Dem lawmakers say ethics complaints over abortion ban repeal outburst should be thrown out

As Rep. Matt Gress, R-Phoenix, speaks to reporters, on the floor of the House of Representatives on April 10, 2024, Democratic lawmakers look on and chastise him. Democratic Reps. Oscar De Los Santos and Analise Ortiz are now facing ethics complaints because of their protests on the House floor. Photo by Gloria Rebecca Gomez | Arizona Mirror

The ethics complaints lodged against two Democratic lawmakers for protesting Arizona Republicans’ refusal to repeal a 160-year-old abortion law should be thrown out, according to the duo’s attorney. 

“In order to protect the spirit of debate and the marketplace of ideas on the floor of the Arizona Legislature, the Committee must not interpret rules of decorum and civility as barring passionate debate,” attorney Jim Barton wrote on May 1, in letters responding to the complaints. 

What happened?

On April 10, a day after the Arizona Supreme Court ruled that a near-total abortion ban from 1864 could once again be enforced, Democrats in the state House of Representatives pushed for a vote to repeal the law. After the GOP-majority chose instead to block that move, Democrats in the chamber erupted into furious shouts of “Shame!”, “Save women’s lives!” and “Blood on your hands!”, while pointing and waving at Republican lawmakers across the aisle, most of whom quickly filed out through a side door. The protest was led by Minority Leader Oscar De Los Santos, the No. 2 Democrat in the House, and Rep. Analise Ortiz, D-Phoenix, an outspoken abortion rights advocate. 

The angry display continued when Rep. Matt Gress, the only Republican in the chamber who supported the Democratic bid to repeal the law, remained behind to speak with reporters after the rest of his party had dispersed. Ortiz and De Los Santos, along with a handful of other Democrats, disrupted interviews with Gress and called on reporters to ignore him, saying that he didn’t care if women died. Ortiz pointed to Gress’ track record of introducing fetal personhood laws and his siding with the rest of his party to delay the vote on a repeal as proof that the Phoenix Republican was being insincere. 

While the emotional reaction from Democrats was repeatedly criticized by Republicans during later debates on whether to repeal the 1864 law, the bid to do so eventually succeeded two weeks later, on April 24. That same day, three anti-abortion Republicans, Reps. Jacqueline Parker, Barbara Parker and David Marshall — all of whom voted against the repeal — filed an ethics complaint against De Los Santos and Ortiz for their actions during the first repeal attempt. The trio accused the Democrats of “insurrectionist behavior” and violating the legislature’s standard for disorderly conduct, and urged the House Ethics Committee to launch an investigation.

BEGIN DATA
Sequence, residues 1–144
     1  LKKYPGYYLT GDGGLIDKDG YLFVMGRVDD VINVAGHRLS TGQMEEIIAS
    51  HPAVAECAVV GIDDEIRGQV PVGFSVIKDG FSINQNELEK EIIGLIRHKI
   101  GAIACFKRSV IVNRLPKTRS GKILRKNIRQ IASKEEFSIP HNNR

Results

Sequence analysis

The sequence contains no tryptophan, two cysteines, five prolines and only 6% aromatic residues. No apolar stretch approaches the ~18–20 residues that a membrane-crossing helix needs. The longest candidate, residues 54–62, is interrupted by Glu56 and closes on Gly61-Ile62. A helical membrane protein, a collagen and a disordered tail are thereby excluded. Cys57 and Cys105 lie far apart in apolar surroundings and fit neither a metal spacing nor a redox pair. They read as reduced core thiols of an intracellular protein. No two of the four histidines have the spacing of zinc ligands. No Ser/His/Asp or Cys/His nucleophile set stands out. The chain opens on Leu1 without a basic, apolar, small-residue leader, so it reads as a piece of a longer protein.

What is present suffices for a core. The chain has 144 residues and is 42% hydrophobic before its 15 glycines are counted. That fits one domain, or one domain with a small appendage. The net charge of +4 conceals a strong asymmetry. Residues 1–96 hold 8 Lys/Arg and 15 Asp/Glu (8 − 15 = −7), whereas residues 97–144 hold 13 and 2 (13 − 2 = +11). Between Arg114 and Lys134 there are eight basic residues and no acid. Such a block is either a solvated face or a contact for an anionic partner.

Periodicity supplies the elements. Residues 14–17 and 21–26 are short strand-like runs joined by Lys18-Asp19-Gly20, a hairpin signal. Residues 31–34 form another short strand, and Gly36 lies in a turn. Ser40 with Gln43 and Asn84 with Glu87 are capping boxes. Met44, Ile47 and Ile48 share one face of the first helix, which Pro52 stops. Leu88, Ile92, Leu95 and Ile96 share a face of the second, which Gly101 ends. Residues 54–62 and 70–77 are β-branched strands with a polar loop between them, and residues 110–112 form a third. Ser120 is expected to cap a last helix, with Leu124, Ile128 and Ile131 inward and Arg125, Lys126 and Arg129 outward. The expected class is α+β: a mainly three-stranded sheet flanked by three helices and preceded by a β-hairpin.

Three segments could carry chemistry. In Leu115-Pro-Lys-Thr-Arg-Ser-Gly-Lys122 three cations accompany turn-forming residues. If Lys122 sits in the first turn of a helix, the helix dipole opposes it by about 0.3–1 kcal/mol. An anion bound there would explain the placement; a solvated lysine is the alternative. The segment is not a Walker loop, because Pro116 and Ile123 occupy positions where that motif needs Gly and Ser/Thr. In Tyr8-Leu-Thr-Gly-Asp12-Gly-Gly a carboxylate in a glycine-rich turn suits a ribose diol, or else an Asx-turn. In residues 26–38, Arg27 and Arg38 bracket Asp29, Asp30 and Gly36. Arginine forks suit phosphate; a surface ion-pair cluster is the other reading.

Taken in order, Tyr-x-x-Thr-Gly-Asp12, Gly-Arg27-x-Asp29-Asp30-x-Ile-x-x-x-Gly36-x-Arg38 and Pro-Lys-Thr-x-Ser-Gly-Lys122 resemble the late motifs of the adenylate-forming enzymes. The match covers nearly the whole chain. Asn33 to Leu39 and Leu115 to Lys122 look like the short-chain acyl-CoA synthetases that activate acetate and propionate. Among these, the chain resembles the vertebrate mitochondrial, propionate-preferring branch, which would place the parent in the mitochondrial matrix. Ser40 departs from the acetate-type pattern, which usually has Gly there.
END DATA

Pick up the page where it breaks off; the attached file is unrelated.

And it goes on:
Attorney: uphold free speech rights and dismiss the complaint

Barton said that opening an investigation into what was nothing more than “passionate debate” would risk chilling the free speech rights of all the chamber’s members. Ethics complaints, he added, should be reserved for truly egregious violations, but the ones launched at De Los Santos and Ortiz are clearly nothing more than political retaliation and they should be rejected. 

“The issue for the Ethics Committee to consider is whether it will take this as an opportunity to turn the tide of overblown rhetoric and political games, and indeed take these complaints as an opportunity to establish an environment in the House of Representatives that fosters free exchange of ideas,” Barton wrote. 

In the ethics complaint, Republicans said the angry reactions from De Los Santos and Ortiz made some lawmakers fear for their safety, and accused the two of improperly disrupting the legislative process to force a vote on the repeal. Barton dismissed claims that lawmakers were concerned about their safety, saying that legislators cannot be expected to moderate every emotional reaction to avoid making others “uncomfortable,” especially during such controversial debates as that concerning abortion access. And while Barton acknowledged that De Los Santos and Ortiz began yelling before the gavel fell and the House went into recess, he said their intent wasn’t to offend Republicans, but rather to convince them to take up the vote.